Aaron Daniels

Could the same be said for trousers in terms of slimness? I mean, my calves at their widest have a circumference of 19″ – I can just about wear trousers with an 8″ leg opening, which feels slim on me but clings to my calves rather than hang nicely – 8.5″ certainly doesn’t feel slim and chinos seem to rarely be that wide, not without looking either workwear-ish or a lot more traditional.

Tony Hodges

Learning about the history of clothes has been one of the most interesting and useful things I’ve picked up from reading blogs like this one, and that’s what sits under the paradigms, really.

It’s also strange and wonderful when learn why somethings work unexpectedly – like how chore coats go oddly well with ivy staples like chinos and loafers because they’re useful for professional painters and arts students alike (I feel like there great pictures of Picasso dressed this way out there), or how belstaff-style leather jackets go with traditional British sports clothing, because tweed and flannel were the other things they had when motorbikes first became a thing (like the last and final scenes of Lawrence of Arabia).

Maybe something to consider for future articles would be something like the ones where you slide the formality of an outfit up and down by changing an item, but for casual clothing centerpieces shifting across paradigms? I’d even be keen on ideas you had for these outfits that didn’t work, because sometimes explaining that is more illustrative than ones that do.

Il Pennacchio

I’d be very interested in seeing an article about how you would change paradigms by swapping out garments, since that’s something I try to do myself. With Ivy (or Ivy-inspired) garments as the core of my wardrobe, Rugged Ivy and vintage-styled sportswear can act as bridges to workwear and Italian smooth, respectively.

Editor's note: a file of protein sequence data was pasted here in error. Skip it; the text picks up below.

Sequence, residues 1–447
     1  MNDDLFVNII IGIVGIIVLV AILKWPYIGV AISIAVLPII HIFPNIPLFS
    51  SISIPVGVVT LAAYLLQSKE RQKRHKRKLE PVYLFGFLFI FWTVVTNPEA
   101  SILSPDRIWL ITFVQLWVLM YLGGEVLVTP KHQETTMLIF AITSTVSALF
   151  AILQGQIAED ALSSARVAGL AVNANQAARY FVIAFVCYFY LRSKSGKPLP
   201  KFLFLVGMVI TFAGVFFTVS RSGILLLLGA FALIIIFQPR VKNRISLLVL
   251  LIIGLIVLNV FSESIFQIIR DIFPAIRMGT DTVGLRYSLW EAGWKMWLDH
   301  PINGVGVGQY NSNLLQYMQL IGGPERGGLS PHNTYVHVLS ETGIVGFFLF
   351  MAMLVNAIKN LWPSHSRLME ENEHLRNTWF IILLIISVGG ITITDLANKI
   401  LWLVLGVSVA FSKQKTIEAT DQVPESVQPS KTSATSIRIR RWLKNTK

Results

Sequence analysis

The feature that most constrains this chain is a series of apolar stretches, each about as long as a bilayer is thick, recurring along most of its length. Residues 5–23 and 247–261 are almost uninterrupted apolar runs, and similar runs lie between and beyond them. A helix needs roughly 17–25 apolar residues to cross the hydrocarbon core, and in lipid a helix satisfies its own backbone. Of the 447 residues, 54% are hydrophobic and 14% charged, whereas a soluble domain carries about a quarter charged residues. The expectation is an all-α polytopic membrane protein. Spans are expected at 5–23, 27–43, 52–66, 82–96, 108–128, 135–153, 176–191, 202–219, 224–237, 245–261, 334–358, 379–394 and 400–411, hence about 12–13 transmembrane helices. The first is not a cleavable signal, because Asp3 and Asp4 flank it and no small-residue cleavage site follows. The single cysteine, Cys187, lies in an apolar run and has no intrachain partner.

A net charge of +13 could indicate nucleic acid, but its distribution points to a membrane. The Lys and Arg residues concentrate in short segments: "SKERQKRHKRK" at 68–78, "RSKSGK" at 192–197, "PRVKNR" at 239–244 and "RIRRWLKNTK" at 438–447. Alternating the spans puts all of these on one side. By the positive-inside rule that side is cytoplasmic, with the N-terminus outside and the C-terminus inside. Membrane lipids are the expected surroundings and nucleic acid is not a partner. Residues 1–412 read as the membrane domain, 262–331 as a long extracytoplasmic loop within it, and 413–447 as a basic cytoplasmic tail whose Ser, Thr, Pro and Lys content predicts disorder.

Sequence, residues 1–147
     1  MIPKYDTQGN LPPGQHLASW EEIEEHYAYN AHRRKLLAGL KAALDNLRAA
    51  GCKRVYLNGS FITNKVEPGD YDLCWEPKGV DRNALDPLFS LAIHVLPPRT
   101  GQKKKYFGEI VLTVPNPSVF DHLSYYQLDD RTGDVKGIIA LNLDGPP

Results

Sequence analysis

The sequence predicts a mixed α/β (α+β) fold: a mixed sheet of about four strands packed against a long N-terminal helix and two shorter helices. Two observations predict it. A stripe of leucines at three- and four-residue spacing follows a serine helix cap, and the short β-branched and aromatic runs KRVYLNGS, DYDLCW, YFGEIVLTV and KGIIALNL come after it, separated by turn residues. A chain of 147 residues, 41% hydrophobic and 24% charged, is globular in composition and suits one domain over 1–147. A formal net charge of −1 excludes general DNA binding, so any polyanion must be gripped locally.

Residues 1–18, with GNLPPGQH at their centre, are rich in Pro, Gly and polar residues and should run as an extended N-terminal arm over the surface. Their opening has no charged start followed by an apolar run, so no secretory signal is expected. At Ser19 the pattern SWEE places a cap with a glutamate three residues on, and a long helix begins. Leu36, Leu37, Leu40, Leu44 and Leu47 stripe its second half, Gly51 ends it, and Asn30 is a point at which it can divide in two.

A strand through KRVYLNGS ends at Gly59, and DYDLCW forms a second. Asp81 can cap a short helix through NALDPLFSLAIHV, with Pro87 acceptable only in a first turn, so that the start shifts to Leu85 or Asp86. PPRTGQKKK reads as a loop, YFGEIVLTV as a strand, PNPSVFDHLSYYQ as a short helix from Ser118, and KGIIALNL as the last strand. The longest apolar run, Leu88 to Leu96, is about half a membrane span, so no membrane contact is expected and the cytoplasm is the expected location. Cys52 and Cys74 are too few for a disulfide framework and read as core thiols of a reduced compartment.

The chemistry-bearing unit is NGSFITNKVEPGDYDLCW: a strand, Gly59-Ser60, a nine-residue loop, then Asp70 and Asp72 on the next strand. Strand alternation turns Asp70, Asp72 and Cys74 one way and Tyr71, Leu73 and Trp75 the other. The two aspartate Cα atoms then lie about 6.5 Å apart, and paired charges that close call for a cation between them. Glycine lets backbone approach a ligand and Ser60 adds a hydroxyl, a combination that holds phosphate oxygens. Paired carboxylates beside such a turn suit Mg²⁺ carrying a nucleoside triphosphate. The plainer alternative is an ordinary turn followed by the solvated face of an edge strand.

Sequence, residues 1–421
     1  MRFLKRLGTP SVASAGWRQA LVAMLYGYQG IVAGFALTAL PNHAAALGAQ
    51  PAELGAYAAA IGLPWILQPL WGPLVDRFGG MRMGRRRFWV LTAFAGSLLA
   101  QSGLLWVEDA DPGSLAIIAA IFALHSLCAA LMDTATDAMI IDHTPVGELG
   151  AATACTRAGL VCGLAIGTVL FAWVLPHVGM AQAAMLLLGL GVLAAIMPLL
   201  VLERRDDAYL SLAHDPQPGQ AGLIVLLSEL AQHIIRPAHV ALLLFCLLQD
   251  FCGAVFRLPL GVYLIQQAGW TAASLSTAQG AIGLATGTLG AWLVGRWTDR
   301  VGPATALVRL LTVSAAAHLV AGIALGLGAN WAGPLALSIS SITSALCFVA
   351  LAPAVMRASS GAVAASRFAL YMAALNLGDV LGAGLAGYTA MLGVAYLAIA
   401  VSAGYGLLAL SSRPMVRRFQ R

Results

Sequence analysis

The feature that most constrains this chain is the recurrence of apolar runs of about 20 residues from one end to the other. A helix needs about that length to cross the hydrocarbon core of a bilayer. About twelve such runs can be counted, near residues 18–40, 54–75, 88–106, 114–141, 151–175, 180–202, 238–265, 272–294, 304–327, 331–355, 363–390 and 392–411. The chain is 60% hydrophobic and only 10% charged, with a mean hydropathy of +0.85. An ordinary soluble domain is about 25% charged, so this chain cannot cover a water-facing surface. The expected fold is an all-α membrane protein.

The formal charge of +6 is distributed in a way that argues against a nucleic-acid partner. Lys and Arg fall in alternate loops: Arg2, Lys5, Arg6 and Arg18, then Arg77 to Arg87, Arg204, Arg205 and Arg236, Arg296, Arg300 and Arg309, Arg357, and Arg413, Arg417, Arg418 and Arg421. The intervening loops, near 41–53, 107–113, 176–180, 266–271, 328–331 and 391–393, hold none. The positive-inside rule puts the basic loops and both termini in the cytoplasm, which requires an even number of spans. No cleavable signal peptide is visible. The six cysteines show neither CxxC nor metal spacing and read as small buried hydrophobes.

Tony Hodges

I think at this point in my own particular style journey the cross-paradigm is more interesting, because it involves understanding how two ideas or traditions weave together.

I do find the formality ones quite interesting, but crossing the paradigms might add some warp to the formality weft.

Tony Hodges

Except then you have to put a whole bunch of thought into which one to pick!

Adam

I got a valstarino in dark brown last year and really enjoy it. Looks great with jeans or flannels, t shirts or dress shirts, surprisingly warm with a scarf and surprisingly cool when unbuttoned. It’s not cheap, so I wouldn’t blame someone for trying to find a cheaper alternative (pwvc makes a moleskin bomber that’s fairly similar in style but a good bit less expensive).

The one piece of advice I’d add here is the older style of blousons and flight jackets means they are fairly short, so especially if you’re tall, you’ll want your pants to be mid rise if they’re going to play nicely together. If you mostly have lower rise pants you’re likely better served with a longer style.